Thursday, September 26, 2013

Sense of Loss (Life with #Autism)

Rachel stood there crying uncontrollably. The pain was physical, but it was also emotional. As she sobbed, she kicked out at her brother. Repeatedly.

Kicking at him, but not kicking him.

Haltingly, through her tears, she gasped "I... want to... kick him... but I'm not."  Still, balancing on one foot, her other foot flew out wildly, just stopping short, all she had in her not to connect.

I'm stroking her hair, rubbing her back, hugging her, trying to console her, trying not to cry myself. If she had kicked him, I'd have a hard time punishing her. Lori's holding onto him and trying to get him to see her tears. It's unclear if he understands why she's crying or if he knows and doesn't care.

And now, what I deride as an overused plot device...


Thirty-seconds earlier...

Lately, Ben's been having some rough evenings. The demands of all-day five-day-a-week school is a big change, from a summer of leisure and of four-day partial-day school last year.

Sometimes you can tell when he's about to lash out and avoid a headbutt or face-scratch, but you can't always. And sometimes it's completely unintentional. I usually get one face scratch a day that I manage to not see coming.

So Ben was struggling, but we were getting him ready, the first bit the evening medicine and the good nights. And so it looks like a hug and then BAM - headbutt right into her teeth. Don't know if it hurt him, but boy did it hurt her.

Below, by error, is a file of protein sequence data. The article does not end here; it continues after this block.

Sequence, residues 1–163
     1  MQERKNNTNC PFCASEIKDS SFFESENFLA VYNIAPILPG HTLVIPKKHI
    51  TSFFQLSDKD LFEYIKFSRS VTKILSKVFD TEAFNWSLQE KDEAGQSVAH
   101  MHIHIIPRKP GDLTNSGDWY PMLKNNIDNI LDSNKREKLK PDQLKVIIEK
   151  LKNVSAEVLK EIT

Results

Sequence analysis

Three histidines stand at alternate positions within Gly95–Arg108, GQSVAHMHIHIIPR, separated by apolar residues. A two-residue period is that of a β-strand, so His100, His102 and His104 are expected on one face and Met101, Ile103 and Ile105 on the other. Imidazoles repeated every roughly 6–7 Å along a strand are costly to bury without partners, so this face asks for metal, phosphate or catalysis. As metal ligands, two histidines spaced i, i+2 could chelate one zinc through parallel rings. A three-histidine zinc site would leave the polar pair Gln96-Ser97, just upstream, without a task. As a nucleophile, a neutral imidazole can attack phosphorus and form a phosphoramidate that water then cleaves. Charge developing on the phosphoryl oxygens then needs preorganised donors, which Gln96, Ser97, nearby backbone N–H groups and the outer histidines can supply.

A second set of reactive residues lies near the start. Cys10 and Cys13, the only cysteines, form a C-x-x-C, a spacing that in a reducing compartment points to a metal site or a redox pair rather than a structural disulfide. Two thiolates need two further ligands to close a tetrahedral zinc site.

And us.

You often hear about how autism robs a child so much. Or at least our hopes and dreams for them. You hear of the struggles parents face, the grief, the loss of an ideal. The costs for care, the concerns, the fears. The inability to communicate with their child. For many, the ability to even hug their children.

But it robs their siblings, too. The sibling may face teasing, the loss of bonding, less than their fair share of their parent's attention. They may be forced to grow up faster, to find their concerns, frustrations and struggles in life taking a back seat.

And they miss out on that special bonding that siblings enjoy.

If you're lucky, you get a strong child who works hard to understand their sibling's disability, a child who doesn't act out, a child that looks out and stands up for their special sibling, a child who perseveres and grows up despite the disadvantages that come their way. A child who doesn't struggle too often about it not being fair.

I hurt for my son, but I also hurt for my little girl. She is turning out wonderfully, but I feel like we've been forced to make her sacrifice, to make her grow up more quickly, to lose some of her innocence, to make do with less. We don't know how he'll progress, how he'll grow, how he'll mature. It's hard to envision his future, to imagine much each our same little Ben in a growing body.

I don't know what the future holds, but there's a part of me that worries about the day when she and her family may be all he's got.
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